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It's natural to get upset when you catch your kindergartner lying, and you may worry that it reflects badly on you. Rest assured, though, that it's developmentally normal for a 5-year-old to lie or make up stories from time to time, and that other parents share the same experience. So don't get into a huge struggle over your youngster's truthfulness just yet.
Let's say you saw your kindergartner spill her juice, but she claims, "I didn't do it!" A 5-year-old naturally wishes she hadn't made a mess, and she doesn't want to get in trouble. Don't focus on the fact that she's lying when she denies responsibility. Instead, focus on solving the problem at hand. Give her a paper towel and say, "Let's clean up the juice." This way, you avoid getting into a battle about who spilled the juice, and you turn your kindergartner's attention toward the issue of getting the mess cleaned up.
If she does something wrong and then actually admits it, on the other hand, be sure to praise her for being honest in a difficult situation. This is an important tactic, because it encourages her to keep telling the truth in the future.
You may also think that it's lying when your child makes up stories that obviously aren't true. He might declare, for instance, "I saw an elephant at school today, a real one!" Unless he's making up hurtful stories about others, this shouldn't be considered lying. In fact, it's wise to encourage your kindergartner's imagination by asking him to give you more details. You can even sit down together and have him draw pictures to illustrate his tall tale.
Some untruths, of course, are less innocent. For instance, your 5-year-old may come to you and, without batting an eye, say, "I haven't watched any TV today — can I watch one show?" When you check with your partner, though, you discover that your kindergartner has in fact already used up his TV quota for the day. As frustrating as it may be, keep in mind that even this kind of manipulative truth-stretching is normal, since 5-year-olds are knee-deep in testing parental boundaries and their own power. If you consistently give consequences (banning TV-viewing the next day, say) and continue setting a good example, he'll eventually learn that trying to pull the wool over your eyes just isn't worth it.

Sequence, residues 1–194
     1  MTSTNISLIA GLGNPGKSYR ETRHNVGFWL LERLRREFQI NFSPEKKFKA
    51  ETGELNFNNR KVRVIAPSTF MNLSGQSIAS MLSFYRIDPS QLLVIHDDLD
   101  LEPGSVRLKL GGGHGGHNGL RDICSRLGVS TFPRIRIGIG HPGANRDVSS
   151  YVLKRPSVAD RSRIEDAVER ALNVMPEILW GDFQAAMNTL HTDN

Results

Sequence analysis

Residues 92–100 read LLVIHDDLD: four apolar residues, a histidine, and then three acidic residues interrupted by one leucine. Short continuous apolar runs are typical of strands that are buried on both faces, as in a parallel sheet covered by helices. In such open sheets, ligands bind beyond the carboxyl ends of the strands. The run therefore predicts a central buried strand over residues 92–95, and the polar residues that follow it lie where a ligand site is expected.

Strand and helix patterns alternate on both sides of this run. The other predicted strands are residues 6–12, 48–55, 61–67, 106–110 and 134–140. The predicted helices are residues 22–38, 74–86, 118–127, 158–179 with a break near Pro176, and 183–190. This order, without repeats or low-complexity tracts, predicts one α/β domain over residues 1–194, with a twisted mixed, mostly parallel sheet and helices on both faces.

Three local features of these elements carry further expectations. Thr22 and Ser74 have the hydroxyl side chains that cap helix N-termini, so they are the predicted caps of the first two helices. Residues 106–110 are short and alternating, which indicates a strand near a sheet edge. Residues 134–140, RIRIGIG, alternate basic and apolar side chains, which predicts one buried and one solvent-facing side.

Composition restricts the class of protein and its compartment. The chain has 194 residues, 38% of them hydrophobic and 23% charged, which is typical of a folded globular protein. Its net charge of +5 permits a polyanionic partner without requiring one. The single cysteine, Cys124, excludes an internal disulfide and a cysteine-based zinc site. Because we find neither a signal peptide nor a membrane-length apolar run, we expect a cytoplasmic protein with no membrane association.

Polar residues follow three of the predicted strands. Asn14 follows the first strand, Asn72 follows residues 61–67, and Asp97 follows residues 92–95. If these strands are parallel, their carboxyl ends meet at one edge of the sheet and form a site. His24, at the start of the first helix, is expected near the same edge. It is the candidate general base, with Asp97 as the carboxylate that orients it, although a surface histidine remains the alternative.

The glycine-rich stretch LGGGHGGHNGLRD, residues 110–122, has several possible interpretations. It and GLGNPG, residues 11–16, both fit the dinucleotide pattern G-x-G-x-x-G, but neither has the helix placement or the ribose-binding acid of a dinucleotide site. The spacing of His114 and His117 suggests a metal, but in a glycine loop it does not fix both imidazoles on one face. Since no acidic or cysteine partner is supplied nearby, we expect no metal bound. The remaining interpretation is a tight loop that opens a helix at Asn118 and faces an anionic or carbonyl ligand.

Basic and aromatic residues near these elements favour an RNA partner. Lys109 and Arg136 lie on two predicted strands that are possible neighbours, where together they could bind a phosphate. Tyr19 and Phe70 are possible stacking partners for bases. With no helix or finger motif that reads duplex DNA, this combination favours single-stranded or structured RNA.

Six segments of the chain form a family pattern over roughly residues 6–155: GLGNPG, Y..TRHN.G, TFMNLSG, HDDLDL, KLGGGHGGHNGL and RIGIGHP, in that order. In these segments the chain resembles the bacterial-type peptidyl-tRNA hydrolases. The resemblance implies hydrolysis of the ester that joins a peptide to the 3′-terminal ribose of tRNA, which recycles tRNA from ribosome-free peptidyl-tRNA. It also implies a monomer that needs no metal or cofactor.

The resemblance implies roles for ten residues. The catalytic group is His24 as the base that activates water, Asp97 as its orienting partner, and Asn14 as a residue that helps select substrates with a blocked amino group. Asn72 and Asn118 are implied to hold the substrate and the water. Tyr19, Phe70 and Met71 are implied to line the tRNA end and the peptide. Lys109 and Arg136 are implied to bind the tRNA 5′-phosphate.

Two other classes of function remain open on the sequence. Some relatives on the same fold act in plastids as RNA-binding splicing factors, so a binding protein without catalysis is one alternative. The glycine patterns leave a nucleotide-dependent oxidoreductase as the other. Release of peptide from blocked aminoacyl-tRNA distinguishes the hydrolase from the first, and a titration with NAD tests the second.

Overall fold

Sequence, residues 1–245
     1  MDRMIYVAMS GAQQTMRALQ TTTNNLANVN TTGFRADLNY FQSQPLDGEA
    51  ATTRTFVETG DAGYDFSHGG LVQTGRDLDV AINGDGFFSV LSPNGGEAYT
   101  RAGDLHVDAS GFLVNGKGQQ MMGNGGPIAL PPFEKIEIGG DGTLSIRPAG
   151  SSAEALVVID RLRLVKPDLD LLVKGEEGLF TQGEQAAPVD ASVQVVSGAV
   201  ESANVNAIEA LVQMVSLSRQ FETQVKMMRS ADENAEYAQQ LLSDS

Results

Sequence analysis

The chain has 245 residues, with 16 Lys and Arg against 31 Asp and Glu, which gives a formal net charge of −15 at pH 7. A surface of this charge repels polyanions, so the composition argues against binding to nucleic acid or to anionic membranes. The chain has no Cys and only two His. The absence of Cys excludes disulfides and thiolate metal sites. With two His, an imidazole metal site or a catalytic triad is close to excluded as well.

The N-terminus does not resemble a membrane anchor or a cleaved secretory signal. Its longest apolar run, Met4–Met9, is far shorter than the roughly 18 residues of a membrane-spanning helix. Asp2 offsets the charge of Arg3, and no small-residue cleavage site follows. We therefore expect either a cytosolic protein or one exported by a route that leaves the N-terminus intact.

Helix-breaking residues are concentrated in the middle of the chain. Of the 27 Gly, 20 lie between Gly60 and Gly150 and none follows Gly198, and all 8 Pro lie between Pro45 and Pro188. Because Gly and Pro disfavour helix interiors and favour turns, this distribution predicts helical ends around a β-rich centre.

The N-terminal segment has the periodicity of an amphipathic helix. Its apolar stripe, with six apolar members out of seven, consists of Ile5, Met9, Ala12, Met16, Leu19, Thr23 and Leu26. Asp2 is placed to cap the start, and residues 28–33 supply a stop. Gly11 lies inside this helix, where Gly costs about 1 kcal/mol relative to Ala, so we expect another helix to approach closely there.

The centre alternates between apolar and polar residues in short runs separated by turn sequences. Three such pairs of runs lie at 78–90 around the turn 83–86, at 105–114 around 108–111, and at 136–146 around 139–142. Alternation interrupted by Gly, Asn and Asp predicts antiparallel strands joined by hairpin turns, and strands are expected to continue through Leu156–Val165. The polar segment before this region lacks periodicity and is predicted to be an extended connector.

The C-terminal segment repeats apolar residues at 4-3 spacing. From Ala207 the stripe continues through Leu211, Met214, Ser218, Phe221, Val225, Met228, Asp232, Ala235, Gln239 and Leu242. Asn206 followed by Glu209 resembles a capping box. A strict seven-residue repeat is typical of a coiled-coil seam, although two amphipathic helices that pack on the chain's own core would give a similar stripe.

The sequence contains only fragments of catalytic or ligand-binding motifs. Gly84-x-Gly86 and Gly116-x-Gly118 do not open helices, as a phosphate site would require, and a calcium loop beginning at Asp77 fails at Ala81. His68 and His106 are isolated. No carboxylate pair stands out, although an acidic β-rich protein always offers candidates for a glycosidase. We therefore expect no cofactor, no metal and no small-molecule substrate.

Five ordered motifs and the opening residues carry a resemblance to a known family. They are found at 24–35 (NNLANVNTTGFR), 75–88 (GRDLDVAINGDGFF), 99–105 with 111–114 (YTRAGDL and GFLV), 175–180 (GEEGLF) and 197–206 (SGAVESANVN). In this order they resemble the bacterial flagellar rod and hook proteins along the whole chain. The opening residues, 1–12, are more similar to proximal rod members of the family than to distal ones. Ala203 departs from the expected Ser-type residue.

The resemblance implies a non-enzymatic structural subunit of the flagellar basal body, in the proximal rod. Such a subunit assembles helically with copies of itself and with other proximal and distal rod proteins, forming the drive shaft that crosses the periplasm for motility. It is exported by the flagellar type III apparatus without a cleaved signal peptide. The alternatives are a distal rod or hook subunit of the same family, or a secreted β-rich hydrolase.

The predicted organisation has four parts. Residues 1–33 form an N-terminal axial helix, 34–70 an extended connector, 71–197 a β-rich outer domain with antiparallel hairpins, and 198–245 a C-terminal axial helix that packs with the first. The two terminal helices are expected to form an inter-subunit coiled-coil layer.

To discourage future lying, start talking about why lies are bad. When you catch your kindergartner lying, explain why a lie is hurtful and how it breaks down trust. Keep in mind that you won't have much of a dialogue with a child this age — you'll be doing most of the talking — but it's good to get into the habit of discussing these issues anyway. In another year or two, you'll be able to have more fruitful conversations. You can also read children's stories that deal with the issue of honesty. Some good ones for this age group are Liar, Liar, Pants on Fire, by Diane DeGroat; Ruthie and the (Not So) Teeny tiny Lie, by Laura Rankin; and Arthur and the True Francine, by Marc Brown. And of course, the best way to teach your kindergartner honesty is to be honest yourself.